News
A.R. Penck: Between Light and Shadow
The New Yorker
16 February 2015

A.R. PENCK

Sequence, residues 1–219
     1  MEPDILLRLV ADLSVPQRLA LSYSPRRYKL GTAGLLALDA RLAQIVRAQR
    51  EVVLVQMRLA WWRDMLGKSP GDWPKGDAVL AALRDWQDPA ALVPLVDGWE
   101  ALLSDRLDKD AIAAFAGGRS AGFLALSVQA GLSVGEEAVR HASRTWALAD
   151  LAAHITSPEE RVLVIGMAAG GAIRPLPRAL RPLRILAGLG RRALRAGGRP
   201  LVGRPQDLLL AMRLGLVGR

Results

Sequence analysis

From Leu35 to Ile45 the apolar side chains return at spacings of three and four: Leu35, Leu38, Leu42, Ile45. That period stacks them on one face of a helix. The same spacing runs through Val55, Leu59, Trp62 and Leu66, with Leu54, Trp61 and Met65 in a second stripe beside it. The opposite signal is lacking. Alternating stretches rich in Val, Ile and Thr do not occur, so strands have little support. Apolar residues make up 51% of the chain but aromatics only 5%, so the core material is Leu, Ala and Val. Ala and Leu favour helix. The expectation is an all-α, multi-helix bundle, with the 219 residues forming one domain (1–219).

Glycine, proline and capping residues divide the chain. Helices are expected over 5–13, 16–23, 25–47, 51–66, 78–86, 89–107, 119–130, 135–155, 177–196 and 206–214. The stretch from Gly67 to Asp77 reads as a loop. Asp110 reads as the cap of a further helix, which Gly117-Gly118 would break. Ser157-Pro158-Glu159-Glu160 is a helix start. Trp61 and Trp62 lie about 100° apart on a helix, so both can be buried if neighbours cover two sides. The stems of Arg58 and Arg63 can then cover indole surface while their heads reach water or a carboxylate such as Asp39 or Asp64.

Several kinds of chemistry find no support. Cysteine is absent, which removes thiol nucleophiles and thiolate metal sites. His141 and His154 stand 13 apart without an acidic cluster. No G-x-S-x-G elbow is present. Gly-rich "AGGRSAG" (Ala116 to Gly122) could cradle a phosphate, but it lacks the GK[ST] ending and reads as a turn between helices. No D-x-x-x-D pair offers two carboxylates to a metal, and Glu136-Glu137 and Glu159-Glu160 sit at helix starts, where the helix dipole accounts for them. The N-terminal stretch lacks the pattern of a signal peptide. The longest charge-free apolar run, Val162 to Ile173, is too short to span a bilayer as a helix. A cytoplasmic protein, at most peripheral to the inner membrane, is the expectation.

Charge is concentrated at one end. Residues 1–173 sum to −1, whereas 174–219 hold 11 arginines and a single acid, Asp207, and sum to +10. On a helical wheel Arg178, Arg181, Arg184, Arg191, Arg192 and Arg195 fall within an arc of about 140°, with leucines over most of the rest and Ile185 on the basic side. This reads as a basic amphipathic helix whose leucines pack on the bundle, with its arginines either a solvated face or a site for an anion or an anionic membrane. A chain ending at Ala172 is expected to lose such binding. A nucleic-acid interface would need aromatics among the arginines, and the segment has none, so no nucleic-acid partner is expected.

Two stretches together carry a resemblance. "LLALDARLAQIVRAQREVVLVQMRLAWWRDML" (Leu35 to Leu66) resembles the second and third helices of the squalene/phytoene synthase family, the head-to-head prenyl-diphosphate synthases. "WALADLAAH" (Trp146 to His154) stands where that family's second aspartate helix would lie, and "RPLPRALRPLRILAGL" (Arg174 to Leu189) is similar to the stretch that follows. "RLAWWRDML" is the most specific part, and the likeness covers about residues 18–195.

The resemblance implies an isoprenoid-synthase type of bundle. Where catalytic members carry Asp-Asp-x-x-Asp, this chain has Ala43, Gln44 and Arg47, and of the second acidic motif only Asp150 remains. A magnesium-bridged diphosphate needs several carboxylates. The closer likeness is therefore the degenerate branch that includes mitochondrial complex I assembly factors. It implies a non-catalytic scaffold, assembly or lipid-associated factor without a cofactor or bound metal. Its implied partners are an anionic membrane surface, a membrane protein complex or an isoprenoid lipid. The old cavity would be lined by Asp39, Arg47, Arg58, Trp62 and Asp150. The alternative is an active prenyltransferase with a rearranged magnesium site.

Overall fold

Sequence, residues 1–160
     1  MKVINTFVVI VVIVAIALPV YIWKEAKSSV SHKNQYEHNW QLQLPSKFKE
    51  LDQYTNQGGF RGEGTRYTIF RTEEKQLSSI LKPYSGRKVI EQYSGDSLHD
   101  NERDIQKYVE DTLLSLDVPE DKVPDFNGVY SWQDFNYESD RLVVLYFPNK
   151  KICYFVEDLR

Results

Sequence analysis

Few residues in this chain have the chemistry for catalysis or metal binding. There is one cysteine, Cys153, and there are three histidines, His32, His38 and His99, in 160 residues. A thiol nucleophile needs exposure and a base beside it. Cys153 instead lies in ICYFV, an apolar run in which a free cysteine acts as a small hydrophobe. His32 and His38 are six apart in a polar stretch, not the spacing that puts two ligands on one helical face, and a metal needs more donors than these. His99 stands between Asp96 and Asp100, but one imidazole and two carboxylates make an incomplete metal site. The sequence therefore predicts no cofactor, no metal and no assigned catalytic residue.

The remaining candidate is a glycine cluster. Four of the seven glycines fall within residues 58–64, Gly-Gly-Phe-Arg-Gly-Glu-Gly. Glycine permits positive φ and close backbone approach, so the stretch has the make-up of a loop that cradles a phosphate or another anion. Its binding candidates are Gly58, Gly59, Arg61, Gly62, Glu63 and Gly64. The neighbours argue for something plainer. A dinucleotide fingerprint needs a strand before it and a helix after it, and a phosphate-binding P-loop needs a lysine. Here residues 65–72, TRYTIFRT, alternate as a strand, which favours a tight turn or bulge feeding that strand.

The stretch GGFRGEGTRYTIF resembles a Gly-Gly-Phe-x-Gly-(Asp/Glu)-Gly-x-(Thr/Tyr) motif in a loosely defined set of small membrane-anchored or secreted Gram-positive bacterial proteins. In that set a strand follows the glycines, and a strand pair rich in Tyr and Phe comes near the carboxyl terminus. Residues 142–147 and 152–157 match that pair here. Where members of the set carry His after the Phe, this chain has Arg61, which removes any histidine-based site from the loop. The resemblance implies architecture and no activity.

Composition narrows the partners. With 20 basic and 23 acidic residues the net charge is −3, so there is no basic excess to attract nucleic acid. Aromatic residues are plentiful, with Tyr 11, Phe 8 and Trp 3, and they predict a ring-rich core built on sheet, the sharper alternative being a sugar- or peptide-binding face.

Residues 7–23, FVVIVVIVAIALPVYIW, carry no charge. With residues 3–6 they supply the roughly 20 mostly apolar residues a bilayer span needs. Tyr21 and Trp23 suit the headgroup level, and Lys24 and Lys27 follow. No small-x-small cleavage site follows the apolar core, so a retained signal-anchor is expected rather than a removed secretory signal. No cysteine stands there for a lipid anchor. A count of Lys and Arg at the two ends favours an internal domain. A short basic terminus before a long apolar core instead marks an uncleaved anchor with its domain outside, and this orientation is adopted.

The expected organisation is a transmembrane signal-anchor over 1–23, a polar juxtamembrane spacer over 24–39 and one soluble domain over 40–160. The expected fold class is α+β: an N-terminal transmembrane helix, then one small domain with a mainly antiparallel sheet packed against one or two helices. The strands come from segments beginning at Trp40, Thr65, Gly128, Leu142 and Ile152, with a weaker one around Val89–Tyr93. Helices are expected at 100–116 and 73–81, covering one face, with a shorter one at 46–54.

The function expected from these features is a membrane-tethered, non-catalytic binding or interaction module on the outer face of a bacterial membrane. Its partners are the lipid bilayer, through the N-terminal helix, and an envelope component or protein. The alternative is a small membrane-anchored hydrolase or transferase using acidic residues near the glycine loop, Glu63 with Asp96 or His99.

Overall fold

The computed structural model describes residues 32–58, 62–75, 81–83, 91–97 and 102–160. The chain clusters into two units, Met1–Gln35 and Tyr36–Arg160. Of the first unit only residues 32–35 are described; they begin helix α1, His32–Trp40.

Penck, who worked (with difficulty) in East Germany until migrating to Cologne, in 1980, has put aside his impulsive pseudo-primitivism and now paints cunning, complex works in which each square inch is filled with stick figures, squiggles, crosses, and ciphers. The densely packed marks and limited palette—blue, red, green, and black—recall Keith Haring in places. But Penck’s canvases are more fraught and more ambiguous: rare moments of clear representation, a rocket ship or the words “yes” and “no,” are swallowed up in a forest of unintelligible signs. Through March 28.Penck, who worked (with difficulty) in East Germany until migrating to Cologne, in 1980, has put aside his impulsive pseudo-primitivism and now paints cunning, complex works in which each square inch is filled with stick figures, squiggles, crosses, and ciphers. The densely packed marks and limited palette—blue, red, green, and black—recall Keith Haring in places. But Penck’s canvases are more fraught and more ambiguous: rare moments of clear representation, a rocket ship or the words “yes” and “no,” are swallowed up in a forest of unintelligible signs. Through March 28.